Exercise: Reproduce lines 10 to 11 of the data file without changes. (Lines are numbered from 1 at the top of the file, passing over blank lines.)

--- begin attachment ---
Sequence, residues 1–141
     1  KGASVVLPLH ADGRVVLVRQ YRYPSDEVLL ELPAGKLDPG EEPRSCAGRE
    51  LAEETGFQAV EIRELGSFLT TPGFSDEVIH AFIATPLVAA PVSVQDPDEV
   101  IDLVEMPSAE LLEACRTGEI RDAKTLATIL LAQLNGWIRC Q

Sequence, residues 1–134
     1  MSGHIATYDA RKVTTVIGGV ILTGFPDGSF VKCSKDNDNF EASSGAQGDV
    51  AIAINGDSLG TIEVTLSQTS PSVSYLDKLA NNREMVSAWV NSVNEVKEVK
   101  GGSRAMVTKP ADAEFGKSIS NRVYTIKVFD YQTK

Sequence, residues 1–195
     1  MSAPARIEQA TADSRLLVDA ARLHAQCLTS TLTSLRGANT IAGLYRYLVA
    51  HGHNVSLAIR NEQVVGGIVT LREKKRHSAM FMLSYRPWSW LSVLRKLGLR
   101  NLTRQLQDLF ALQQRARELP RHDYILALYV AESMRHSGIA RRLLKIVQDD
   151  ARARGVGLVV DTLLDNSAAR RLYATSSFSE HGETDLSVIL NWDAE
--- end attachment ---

     1  MSAPARIEQA TADSRLLVDA ARLHAQCLTS TLTSLRGANT IAGLYRYLVA
    51  HGHNVSLAIR NEQVVGGIVT LREKKRHSAM FMLSYRPWSW LSVLRKLGLR